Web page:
The nonprofit’s 100-plus members include the region’s universities, many of its cities and the likes of Qualcomm and Cisco, Ernst & Young and the Toronto Stock Exchange, Scripps Institution of Oceanography and venture capital firms, and a number of technology and energy startups.
Two water utilities are also members — Metropolitan Water District of Southern California, the largest water utility in the United States, and Helix Water District. I asked Helix Facilities Manager Joe Garuba, who helps support sustainability initiatives within the district, to explain.
Joe, why did Helix join Cleantech?
Our board asked us to join over the summer and we did. Cleantech’s meetings are a good place for conversations on how to leverage advancing technologies to achieve sustainability in the region. They are the crossroads of the private sector, education, utilities and government, and they have established themselves across the region.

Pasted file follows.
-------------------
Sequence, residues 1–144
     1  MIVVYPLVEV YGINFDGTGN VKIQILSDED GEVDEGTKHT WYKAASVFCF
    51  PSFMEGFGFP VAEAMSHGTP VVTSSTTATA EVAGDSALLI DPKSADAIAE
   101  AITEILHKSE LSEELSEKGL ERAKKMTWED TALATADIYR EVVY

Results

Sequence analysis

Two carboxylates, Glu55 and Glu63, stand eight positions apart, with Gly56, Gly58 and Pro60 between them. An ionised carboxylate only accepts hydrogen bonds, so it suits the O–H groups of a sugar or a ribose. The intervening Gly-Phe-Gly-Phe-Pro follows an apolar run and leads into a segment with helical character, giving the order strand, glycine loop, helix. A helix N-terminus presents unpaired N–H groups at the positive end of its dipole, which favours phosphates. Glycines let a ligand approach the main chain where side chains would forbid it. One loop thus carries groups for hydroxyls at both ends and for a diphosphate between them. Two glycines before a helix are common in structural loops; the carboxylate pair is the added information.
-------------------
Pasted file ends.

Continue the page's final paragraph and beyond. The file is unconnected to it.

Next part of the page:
You and Helix Director of Operations Kevin Miller presented recently at Cleantech’s board of directors meeting. Why?
They asked us to present because we are at the front of the curve on water agency sustainability. We can also serve as a technical resource for the other members and provide opportunities for proof-of-concept projects. Since Cleantech members represent a variety of businesses, Helix has an opportunity to share its expertise with a broad cross-section of organizations.
Helix is seen as a regional leader in water. We bring a lot to the table from the water world, because we manage and operate both water treatment and water distribution systems. Engaging with Cleantech also helps fulfill our mission statement – to be a progressive industry leader. This means not just setting the bar but moving it forward in a cost-effective manner.